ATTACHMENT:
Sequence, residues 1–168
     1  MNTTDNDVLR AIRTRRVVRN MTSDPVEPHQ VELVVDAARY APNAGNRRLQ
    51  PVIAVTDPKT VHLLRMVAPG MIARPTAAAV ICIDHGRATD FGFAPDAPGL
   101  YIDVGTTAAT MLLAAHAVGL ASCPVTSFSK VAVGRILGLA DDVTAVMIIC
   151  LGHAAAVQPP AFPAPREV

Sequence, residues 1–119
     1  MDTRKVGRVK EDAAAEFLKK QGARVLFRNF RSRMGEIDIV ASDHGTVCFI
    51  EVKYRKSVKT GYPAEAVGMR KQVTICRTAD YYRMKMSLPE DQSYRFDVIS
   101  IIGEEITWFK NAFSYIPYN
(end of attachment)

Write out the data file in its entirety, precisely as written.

Sequence, residues 1–168
     1  MNTTDNDVLR AIRTRRVVRN MTSDPVEPHQ VELVVDAARY APNAGNRRLQ
    51  PVIAVTDPKT VHLLRMVAPG MIARPTAAAV ICIDHGRATD FGFAPDAPGL
   101  YIDVGTTAAT MLLAAHAVGL ASCPVTSFSK VAVGRILGLA DDVTAVMIIC
   151  LGHAAAVQPP AFPAPREV

Sequence, residues 1–119
     1  MDTRKVGRVK EDAAAEFLKK QGARVLFRNF RSRMGEIDIV ASDHGTVCFI
    51  EVKYRKSVKT GYPAEAVGMR KQVTICRTAD YYRMKMSLPE DQSYRFDVIS
   101  IIGEEITWFK NAFSYIPYN